The Gender Recognition Act 2004 & the Equality Act 2010

The Gender Recognition Act 2004 (GRA) aimed to bring British law in line with rulings from the ECHR. It enabled transsexual people to obtain a Gender Recognition Certificate (GRC) which in turn permitted them to amend their birth certificate to reflect their acquired sex.

Careful readers will already have seen one of the issues with the act; a conflation of ‘sex’ and ‘gender’, and this confusion (sometimes accidental, sometimes deliberate – the Hansard debates are interesting) dogs debate in this area. The act runs to 71 pages, but the highlights are as follows:

Certain criteria have to be met before a GRC can be issued by the Gender Recognition Panel (GRP). 

  • The applicant must have a clinical diagnosis of gender dysphoria 
  • The applicant must have lived in their acquired gender for at least two years (in practice, this is often a paper trail). 
  • The applicant must provide two letters from qualified clinicians (one of whom may be a psychiatrist)
  • In the case of a married applicant, a declaration from their spouse is required.

In terms of the Equality Act 2010 (EA), using a transwoman as an example, those without a GRC would be treated as male; those with, as female. ‘Gender reassignment’ is one of nine protected characteristics under the act, but the definition is extremely unhelpful in terms of practical day to day service operation:

A person has the protected characteristic of gender reassignment if the person is proposing to undergo, is undergoing or has undergone a process (or part of a process) for the purpose of reassigning the person’s sex by changing physiological or other attributes of sex.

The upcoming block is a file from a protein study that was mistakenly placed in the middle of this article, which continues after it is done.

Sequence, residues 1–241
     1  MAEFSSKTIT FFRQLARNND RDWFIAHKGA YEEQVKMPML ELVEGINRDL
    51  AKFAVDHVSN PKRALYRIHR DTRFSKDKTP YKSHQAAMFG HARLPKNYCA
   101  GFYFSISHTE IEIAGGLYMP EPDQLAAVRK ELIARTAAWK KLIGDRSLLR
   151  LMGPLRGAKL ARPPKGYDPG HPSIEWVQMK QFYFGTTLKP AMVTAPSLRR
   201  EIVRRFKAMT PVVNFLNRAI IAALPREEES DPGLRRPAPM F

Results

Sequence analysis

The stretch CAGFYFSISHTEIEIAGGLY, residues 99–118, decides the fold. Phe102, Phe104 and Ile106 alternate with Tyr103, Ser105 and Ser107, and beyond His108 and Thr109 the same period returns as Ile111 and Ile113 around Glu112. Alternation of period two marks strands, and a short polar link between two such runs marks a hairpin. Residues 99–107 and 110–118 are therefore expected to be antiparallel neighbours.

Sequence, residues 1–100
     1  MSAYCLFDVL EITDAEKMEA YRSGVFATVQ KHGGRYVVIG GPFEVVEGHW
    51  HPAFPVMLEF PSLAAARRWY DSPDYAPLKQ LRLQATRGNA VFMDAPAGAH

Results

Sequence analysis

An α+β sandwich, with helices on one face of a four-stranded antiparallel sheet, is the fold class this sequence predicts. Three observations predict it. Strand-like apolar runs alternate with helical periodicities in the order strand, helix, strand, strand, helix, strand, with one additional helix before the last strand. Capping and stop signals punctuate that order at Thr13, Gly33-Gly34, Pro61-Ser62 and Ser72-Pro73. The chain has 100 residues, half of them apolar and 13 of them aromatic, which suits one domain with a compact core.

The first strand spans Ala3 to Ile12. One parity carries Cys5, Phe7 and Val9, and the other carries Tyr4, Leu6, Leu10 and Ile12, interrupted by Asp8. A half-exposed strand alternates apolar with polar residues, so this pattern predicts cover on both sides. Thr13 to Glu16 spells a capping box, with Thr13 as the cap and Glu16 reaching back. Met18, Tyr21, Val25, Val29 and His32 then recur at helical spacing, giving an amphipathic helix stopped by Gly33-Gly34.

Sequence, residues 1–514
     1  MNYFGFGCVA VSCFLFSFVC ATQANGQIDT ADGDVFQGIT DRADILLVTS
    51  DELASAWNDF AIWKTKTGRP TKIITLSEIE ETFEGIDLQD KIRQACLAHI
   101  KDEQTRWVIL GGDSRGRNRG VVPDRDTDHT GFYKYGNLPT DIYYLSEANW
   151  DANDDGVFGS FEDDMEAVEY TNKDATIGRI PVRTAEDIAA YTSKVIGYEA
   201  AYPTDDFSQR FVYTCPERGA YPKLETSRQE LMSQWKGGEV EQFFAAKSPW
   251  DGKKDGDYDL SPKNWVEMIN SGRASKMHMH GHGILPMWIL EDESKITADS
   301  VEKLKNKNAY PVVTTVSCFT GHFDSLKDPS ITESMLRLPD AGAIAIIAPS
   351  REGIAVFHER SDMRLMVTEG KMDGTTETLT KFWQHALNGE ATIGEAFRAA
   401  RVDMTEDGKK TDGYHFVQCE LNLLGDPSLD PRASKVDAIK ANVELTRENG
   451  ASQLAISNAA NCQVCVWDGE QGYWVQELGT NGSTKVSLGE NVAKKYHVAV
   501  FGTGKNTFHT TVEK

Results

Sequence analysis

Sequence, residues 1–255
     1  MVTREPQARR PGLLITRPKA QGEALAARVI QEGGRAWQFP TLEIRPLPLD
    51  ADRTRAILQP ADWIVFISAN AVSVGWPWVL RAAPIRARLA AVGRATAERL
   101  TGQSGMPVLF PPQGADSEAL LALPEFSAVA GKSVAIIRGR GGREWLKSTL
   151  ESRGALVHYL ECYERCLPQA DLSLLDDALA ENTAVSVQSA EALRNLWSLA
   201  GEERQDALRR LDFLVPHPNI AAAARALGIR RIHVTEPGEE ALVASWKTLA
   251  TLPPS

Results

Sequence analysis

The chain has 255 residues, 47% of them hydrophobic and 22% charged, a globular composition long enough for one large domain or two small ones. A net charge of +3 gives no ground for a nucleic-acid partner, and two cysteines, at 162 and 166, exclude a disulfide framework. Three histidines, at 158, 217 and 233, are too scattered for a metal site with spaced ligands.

That notwithstanding, the EA allows for discrimination in the provision of single-sex spaces and services if they are ‘a proportionate means of achieving a legitimate aim’. This means it is lawful if necessary to exclude a transsexual from a single-sex space or service, whether or not they hold a GRC. However, the implementation of this restriction rests with service providers, resulting in a good deal of confusion which leaves the door open for exploitation by activists.

Protection against unlawful discrimination because of Gender Reassignment doesn’t of itself change legal sex nor entitle someone to use single sex services of the opposite sex. That is because they are excluded because of their sex not their gender reassignment. However, this has been misinterpreted, and one such misinterpretation was criticised by The Reindorf report (summary here) but has not been tested in court. Some Gender Critical people will call this interpretation “Stonewall Law”, because of the organisation which, rather stealthilypropounded this idea to its “champions” in government and business.

Back to introduction

%d bloggers like this: